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Net Worth: Why do franchisors want to know it and how to calculate it?

Quite simply, your net worth is your assets minus your liabilities. This is probably the most the most important factor for obtaining a franchise. So, why is this so important to a franchisor? The franchisor is putting their name on the line and they need to know whether you are the right person to move their brand forward. The relationship between you and the franchisor is one of mutual benefit. The more successful you are the more successful the franchisor. Your financial condition will become a factor but it is not the only factor.

The Franchise Disclosure Document (FDD) and other documents will tell you the net worth the franchisor requires. They expect you to have that money in hand before dealing with them. But rest assured that they will look at other factors, such as management experience, “people-skills”, and various additional relevant background. If you can show adequate access to capital, a franchisor will overlook your “less-than-adequate” net worth. Other capital may include an SBA-approved loan or money from family and friends.

A good franchisor will not make a decision based solely on your net worth. If they do, they can turn out to be an unreliable franchisor that is just looking to sell a franchise and not begin a mutually beneficial relationship. A good franchisor will make sure you are a good overall fit for their organization. The net worth is an easy starting point for the franchisor because they know, from experience, what it will take to start a new franchise on solid financial ground. The number one reason businesses fail is because they are undercapitalized.

How do I calculate my Net Worth?

Net Worth is the value of what you own minus what you owe. A positive net worth would mean the value of everything that you own is greater than the amount that you owe. A good thing. If your net worth is negative, then you owe more than the value of what you own. A bad thing.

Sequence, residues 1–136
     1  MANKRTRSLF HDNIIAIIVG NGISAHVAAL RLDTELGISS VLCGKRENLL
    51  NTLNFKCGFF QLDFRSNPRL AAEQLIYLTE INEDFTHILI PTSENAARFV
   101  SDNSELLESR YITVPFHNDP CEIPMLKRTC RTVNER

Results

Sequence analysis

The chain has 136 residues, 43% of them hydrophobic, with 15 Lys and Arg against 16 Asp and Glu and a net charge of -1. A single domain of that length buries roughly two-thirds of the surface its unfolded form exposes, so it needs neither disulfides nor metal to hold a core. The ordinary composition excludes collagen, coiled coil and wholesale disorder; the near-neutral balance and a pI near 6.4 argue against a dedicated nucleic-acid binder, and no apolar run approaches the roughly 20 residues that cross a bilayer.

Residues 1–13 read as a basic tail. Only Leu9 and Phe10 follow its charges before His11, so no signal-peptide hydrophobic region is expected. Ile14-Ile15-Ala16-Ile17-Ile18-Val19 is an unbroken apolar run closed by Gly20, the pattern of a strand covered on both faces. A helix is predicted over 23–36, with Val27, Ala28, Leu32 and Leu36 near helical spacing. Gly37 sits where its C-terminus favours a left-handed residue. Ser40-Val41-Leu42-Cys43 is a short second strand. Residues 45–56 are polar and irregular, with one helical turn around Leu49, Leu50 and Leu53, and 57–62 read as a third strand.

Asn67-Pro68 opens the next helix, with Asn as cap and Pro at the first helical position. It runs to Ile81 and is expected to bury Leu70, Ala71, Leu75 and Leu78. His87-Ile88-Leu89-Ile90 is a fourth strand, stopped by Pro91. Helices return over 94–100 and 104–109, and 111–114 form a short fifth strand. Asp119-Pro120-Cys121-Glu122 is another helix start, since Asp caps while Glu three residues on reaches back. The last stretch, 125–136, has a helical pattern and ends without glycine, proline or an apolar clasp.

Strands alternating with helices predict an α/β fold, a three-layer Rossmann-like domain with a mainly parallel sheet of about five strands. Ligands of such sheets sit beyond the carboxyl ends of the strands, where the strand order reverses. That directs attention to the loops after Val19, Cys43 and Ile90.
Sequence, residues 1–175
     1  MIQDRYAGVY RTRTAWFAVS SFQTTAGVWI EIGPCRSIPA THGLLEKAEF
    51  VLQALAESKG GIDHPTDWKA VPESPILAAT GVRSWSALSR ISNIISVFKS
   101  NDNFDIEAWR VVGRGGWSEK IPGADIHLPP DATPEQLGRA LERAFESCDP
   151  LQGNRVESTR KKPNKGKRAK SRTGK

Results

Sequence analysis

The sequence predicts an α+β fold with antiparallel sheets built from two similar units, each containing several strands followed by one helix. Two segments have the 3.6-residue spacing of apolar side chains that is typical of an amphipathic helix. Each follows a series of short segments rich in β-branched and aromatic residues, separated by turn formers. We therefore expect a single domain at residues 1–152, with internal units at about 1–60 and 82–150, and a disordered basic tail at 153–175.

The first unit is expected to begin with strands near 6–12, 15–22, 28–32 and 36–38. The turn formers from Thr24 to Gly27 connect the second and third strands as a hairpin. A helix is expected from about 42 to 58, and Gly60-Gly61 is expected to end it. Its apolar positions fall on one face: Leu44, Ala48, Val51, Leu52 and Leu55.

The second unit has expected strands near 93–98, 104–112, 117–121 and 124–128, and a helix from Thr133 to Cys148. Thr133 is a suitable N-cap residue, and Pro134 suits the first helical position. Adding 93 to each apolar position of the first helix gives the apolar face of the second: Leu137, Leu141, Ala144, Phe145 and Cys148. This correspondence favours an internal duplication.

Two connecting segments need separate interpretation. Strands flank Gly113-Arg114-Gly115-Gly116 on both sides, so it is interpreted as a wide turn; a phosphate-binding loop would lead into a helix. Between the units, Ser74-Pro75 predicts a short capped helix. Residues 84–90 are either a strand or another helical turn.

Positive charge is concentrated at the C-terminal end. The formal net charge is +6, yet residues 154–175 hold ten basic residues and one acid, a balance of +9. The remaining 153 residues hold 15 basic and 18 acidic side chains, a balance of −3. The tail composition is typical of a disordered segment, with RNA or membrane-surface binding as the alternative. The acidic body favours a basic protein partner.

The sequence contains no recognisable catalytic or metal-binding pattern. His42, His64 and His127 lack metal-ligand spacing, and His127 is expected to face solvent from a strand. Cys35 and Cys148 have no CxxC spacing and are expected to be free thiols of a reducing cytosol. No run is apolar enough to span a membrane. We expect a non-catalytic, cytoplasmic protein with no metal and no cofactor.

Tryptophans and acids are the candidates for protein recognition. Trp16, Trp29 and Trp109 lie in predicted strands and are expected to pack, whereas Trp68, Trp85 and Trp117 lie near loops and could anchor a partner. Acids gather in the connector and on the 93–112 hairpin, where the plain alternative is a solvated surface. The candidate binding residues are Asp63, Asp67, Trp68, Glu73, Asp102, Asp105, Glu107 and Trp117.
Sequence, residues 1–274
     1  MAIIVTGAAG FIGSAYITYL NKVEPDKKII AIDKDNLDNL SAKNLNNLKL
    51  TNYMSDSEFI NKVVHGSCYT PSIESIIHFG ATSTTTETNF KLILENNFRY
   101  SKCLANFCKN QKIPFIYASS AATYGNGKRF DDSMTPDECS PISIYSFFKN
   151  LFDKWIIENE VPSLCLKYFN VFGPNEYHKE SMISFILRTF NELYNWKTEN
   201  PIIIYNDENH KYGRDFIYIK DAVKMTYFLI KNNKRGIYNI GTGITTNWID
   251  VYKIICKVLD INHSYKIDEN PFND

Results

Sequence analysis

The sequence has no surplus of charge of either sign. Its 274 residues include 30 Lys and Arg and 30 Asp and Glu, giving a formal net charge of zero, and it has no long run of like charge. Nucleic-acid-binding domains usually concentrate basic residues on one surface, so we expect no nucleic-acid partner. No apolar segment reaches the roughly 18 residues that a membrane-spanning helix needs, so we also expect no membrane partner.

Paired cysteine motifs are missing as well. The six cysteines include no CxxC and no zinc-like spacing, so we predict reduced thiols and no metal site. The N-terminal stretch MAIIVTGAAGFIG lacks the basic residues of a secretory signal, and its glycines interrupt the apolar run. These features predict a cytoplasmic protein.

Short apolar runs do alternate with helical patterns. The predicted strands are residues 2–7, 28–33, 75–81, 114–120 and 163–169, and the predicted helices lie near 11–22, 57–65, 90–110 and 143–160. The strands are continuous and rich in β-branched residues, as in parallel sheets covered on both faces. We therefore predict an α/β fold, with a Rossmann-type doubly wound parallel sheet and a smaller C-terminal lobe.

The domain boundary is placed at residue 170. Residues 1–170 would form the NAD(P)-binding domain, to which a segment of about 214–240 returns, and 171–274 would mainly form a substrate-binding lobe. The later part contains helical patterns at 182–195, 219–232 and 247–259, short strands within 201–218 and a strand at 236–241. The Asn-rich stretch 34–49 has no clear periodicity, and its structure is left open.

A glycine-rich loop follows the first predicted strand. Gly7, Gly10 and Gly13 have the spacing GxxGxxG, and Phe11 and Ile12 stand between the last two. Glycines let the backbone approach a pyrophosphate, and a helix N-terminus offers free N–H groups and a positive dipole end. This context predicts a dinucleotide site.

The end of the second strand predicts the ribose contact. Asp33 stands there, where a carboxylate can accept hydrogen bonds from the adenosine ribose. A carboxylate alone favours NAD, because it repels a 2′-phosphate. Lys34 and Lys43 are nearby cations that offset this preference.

Your first step is to gather and organize all your information regarding your assets (what you own) and liabilities (what you owe). This can be a big task if this is your first time. But, once you do this, it will be easier to keep the information organized.

Assets

Assets are everything you own. They can be broken down into a few difference categories:  tangible, equity, fixed-income, and cash/cash equivalents. For all your assets, list and assign a dollar value.

Tangible assets are items that have a physical form, such as; your home, vacation home, rental properties, furniture, cars, recreational equipment, art, and jewelry.

Equity Assets are your ownership interests in businesses, such as; stocks, variable annuities, limited partnerships, and retirement accounts.

Fixed-income assets are long-term investments that pay you interest on a fixed schedule, such as; US government bonds, municipal bonds, mutual funds.

Cash and cash equivalent assets are short-term accounts and investment that can be cashed in immediately, sometimes referred to as “liquid capital.” This typically includes: checking and savings account balances, money market funds, certificates of deposit, other cash on hand.

Once you have these items listed and a dollar amount associated with them, you will add up everything for your Total Assets.

Liabilities

A liability is any money that you owe to a person or business in exchange for an asset. For each liability, you need to write down the dollar value that is still owed. Liabilities include; home mortgage, other mortgages (vacation or rental properties), home equity line of credit, home equity loan, car loan, bank loan, student loan, personal credit line balances, credit card balances, personal loans, and any other money that you owe. Once you add up the dollar amount for each liability, you will have your Total Liabilities.

Apply the formula

The final step is to apply the simple formula:

Total Assets – Total Liabilities = Net Worth

Who said high school Algebra was a waste of time?

There are many tools on the Internet to help you calculate your net worth. Yahoo offers a simple calculator: Click Here

If you are considering the purchase of a franchise, knowing your net worth is a good start. Another good step is to Pre-Qualify for a loan in the same way you would pre-qualify for a home purchase. This lets the franchisor know that you are a serious prospect. In many cases, a franchisor receives hundreds of inquiries every month and you want to stand out. To see how much you qualify for, visit our pre-qualification portal: Pre-Qualify for you new franchise by clicking here

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